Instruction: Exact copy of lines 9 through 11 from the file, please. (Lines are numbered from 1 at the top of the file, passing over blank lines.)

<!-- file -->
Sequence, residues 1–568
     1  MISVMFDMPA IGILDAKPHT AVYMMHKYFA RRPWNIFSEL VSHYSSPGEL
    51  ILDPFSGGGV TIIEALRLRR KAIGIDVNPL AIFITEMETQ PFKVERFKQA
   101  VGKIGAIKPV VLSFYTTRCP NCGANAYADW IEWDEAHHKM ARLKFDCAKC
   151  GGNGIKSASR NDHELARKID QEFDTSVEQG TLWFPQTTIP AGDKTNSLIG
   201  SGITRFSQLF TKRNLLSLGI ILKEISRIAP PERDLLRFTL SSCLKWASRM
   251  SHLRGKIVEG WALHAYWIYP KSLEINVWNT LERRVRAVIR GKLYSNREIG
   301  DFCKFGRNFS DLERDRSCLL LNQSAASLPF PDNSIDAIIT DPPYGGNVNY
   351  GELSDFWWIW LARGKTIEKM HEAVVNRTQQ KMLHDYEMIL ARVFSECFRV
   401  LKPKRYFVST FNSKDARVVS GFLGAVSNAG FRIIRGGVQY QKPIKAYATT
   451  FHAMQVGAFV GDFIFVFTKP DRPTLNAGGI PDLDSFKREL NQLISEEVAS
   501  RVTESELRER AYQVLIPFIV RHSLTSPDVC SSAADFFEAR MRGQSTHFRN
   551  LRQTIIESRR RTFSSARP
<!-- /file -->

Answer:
   351  GELSDFWWIW LARGKTIEKM HEAVVNRTQQ KMLHDYEMIL ARVFSECFRV
   401  LKPKRYFVST FNSKDARVVS GFLGAVSNAG FRIIRGGVQY QKPIKAYATT
   451  FHAMQVGAFV GDFIFVFTKP DRPTLNAGGI PDLDSFKREL NQLISEEVAS